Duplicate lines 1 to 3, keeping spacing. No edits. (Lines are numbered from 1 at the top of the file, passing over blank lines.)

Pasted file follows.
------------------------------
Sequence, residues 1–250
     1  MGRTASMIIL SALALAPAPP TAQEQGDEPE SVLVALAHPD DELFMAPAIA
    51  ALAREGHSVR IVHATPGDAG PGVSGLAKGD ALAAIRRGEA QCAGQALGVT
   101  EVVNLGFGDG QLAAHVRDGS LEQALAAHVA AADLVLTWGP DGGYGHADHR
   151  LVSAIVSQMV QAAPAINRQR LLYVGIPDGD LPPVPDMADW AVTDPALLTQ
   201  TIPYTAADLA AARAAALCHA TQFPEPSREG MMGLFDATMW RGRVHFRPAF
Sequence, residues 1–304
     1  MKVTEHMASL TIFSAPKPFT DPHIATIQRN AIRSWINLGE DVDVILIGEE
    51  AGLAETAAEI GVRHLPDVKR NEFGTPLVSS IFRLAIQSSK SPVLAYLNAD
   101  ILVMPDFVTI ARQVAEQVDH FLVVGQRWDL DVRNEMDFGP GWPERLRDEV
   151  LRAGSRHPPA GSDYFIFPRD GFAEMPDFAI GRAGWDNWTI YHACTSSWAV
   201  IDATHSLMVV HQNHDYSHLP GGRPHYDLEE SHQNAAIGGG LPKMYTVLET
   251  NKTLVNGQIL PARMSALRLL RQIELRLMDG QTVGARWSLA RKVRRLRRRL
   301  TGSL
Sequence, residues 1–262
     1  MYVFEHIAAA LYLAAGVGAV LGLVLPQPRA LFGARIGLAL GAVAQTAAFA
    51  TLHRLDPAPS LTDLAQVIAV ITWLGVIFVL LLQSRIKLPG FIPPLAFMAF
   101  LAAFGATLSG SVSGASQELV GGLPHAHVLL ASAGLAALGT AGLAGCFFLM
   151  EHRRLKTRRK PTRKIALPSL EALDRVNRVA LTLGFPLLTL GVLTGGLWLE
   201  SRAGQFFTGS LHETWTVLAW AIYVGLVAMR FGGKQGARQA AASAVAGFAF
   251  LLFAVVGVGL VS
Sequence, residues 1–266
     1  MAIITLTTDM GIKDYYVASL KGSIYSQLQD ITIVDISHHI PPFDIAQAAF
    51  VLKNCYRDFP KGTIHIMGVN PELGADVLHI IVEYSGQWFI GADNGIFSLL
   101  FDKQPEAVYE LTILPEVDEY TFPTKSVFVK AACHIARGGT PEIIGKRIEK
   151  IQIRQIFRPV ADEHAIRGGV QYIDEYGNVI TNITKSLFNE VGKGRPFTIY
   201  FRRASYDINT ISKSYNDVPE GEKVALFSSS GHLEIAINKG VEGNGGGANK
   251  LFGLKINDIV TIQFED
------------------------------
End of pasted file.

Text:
Sequence, residues 1–250
     1  MGRTASMIIL SALALAPAPP TAQEQGDEPE SVLVALAHPD DELFMAPAIA
    51  ALAREGHSVR IVHATPGDAG PGVSGLAKGD ALAAIRRGEA QCAGQALGVT